Posts tagged speech preparation
What To Do When You Stumble

One of the participants at a recent corporate workshop asked this question:

How do you recover from a presentation blunder?

Here are a few options to help you gracefully handle those unplanned moments:

  1. Ignore it and keep going, chances are no-one else will notice.

  2. Acknowledge it. You might say: “I forgot to tell you something important so I’m going to back up for a moment.”

  3. Use humor. Humor can go a long way to bring your audience along with you so don’t sweat it. You might say “That might have looked like a mistake, but I actually planned it that way.”

  4. Improv. Find a creative way to incorporate the blunder into your talk.

  5. Be kind to yourself. You’re allowed to make mistakes and being human gives your audience permission to do the same.

Some tips to help ward off some common fumbles:

  1. Print your notes so you have a backup if technology fails.

  2. Pause if you lose your place, forget a word, or need a moment to think about your answer. Get comfortable with silence.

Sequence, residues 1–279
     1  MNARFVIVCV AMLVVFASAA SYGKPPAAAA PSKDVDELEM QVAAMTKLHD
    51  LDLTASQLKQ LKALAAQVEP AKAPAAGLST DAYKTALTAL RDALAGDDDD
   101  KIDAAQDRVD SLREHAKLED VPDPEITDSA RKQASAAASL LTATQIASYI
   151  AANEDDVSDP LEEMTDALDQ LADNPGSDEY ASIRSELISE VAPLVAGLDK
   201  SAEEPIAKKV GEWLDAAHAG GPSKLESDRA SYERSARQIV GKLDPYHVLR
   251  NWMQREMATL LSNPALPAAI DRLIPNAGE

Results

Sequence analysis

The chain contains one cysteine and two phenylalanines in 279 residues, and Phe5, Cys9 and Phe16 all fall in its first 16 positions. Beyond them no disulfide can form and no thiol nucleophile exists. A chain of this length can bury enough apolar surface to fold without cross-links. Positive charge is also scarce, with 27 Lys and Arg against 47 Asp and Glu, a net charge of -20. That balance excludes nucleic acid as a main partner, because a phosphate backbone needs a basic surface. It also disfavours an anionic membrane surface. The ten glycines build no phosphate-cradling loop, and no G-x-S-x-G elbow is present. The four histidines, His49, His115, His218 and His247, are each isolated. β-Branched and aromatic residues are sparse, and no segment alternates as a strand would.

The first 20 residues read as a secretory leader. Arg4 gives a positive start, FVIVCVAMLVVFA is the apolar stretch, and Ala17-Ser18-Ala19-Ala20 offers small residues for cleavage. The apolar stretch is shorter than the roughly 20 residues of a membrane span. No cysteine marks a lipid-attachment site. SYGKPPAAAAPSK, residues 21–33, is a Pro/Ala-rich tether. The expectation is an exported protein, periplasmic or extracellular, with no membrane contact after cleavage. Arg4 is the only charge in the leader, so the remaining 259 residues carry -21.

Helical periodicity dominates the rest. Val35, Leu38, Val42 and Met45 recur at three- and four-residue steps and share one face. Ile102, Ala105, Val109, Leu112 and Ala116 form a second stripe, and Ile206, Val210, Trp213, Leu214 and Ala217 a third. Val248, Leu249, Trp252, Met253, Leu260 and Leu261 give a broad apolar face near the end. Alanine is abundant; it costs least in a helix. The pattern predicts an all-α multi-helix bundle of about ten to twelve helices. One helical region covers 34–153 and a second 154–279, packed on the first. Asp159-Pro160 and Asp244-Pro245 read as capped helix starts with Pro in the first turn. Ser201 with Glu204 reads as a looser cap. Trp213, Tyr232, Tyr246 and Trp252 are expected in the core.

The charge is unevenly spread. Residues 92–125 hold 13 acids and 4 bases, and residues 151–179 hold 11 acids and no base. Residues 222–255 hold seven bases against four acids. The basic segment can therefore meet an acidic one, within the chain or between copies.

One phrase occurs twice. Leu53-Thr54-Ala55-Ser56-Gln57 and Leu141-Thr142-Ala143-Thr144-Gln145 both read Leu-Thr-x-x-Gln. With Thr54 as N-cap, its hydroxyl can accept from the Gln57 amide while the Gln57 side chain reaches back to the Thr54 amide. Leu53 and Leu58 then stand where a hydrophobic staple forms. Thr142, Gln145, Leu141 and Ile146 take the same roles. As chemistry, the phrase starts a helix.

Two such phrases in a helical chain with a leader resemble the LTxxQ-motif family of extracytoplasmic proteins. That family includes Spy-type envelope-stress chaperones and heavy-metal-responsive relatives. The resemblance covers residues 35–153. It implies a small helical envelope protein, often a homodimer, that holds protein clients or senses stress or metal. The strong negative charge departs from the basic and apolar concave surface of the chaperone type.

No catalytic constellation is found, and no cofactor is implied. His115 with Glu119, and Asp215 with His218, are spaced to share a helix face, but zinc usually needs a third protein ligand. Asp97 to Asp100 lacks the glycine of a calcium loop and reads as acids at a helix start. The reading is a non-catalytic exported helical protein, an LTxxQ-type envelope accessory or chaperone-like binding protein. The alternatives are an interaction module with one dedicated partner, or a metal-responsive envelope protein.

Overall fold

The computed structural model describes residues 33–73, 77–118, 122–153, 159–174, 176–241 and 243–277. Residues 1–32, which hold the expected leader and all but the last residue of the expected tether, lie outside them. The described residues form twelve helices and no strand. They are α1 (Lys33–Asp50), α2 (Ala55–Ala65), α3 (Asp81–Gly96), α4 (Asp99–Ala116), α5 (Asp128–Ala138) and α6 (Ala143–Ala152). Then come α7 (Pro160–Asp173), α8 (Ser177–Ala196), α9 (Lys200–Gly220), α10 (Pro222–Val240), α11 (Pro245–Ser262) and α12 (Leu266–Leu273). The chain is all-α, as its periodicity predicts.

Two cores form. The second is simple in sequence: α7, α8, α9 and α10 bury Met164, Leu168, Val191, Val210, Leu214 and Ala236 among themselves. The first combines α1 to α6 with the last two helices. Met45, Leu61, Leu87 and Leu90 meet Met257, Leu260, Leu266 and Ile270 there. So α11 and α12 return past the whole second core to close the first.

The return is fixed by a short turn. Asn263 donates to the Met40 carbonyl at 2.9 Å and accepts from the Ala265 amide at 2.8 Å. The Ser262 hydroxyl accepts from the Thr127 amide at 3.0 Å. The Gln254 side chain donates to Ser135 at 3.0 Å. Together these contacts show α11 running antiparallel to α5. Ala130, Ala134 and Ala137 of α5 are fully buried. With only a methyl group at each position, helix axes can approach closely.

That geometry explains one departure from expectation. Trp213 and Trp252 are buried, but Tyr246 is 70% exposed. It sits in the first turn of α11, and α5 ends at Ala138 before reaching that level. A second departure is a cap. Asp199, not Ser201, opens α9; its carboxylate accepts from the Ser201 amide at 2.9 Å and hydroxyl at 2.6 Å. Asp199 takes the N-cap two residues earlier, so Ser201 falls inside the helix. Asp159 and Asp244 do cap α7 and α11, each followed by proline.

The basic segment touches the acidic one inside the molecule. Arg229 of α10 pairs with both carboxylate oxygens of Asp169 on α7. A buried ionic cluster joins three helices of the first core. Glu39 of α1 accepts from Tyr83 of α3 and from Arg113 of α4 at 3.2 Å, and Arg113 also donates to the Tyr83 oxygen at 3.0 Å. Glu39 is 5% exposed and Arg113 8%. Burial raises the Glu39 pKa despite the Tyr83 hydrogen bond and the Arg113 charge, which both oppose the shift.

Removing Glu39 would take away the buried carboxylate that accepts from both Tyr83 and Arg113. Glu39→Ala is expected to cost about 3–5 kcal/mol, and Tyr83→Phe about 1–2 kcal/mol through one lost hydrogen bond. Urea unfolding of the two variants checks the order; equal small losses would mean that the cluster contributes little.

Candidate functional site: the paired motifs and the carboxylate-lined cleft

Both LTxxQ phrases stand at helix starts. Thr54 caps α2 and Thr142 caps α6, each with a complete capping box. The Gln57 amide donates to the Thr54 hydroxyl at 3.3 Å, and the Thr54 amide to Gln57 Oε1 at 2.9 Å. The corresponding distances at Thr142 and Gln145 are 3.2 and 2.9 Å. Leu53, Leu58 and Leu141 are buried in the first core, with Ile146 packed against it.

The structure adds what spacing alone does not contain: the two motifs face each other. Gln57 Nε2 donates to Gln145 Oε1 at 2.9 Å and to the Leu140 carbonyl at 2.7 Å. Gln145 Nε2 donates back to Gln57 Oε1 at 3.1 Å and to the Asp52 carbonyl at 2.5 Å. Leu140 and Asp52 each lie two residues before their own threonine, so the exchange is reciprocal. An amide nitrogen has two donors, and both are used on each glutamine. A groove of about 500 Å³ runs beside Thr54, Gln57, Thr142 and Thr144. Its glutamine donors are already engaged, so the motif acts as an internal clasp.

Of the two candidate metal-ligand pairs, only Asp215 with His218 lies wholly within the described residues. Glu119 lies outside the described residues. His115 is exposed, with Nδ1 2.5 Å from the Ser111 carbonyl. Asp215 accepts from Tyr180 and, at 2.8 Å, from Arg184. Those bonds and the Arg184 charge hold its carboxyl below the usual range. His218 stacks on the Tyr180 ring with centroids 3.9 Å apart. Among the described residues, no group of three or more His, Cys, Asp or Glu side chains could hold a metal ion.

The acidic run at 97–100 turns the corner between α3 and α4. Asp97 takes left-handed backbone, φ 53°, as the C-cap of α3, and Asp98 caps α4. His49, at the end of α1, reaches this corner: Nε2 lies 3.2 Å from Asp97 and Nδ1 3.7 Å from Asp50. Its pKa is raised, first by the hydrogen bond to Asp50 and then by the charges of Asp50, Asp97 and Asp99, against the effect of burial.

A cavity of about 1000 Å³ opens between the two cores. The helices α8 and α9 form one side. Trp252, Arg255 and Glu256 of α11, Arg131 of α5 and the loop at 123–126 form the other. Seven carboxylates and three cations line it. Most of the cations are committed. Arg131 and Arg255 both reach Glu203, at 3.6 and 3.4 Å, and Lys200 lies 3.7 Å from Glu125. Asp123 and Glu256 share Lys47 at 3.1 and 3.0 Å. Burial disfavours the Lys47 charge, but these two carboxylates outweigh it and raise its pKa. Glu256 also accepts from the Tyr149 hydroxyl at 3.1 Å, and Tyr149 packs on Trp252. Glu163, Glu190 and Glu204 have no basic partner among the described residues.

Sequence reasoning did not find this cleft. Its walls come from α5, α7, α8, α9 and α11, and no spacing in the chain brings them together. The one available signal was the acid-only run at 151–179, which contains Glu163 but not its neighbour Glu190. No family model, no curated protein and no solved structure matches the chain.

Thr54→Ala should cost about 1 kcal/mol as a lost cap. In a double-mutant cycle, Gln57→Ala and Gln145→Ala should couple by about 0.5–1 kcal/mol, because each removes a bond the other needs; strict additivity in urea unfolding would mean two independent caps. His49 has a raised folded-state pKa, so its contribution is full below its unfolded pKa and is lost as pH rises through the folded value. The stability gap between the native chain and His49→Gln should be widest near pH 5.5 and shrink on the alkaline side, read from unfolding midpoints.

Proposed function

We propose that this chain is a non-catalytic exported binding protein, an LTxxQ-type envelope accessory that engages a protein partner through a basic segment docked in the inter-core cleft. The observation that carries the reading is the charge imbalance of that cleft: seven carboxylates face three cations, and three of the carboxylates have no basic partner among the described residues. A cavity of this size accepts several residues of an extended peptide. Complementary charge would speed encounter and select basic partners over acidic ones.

3. Remember that your audience is cheering you on so treat them like friends, not the enemy.

Want more tools. Get 4 Steps to a Winning Work Presentation.

The Power of the Edit

Want to write a good talk?

The key is surprisingly simple: You need to EDIT.


According to Chris Anderson, the creator of TED,

“The biggest problem I see in first drafts of presentations is that they try to cover too much ground... If you try to cram in everything you know, you won’t have time to include key details, and your talk will disappear into abstract language that may make sense if your listeners are familiar with the subject matter but will be completely opaque if they’re new to it. You need specific examples to flesh out your ideas. So limit the scope of your talk to that which can be explained, and brought to life with examples, in the available time.”


If editing is the key then you may be wondering how to decide what to leave in and what to take out.


First, you need to get clear on your objective.

Your audience is never going to remember everything, so you want to be very clear about the main message you want them to walk away with. Once you know your objective, you can examine whether your content is helping you achieve it.

This is where editing comes in. You might want to tell your favorite story, but if that story isn’t the best example to illustrate your point, leave it out.

Grab the template to write your objective in 4 Steps to a Winning Work Presentation. This simple tool will help you get organized, get clear, and get confident.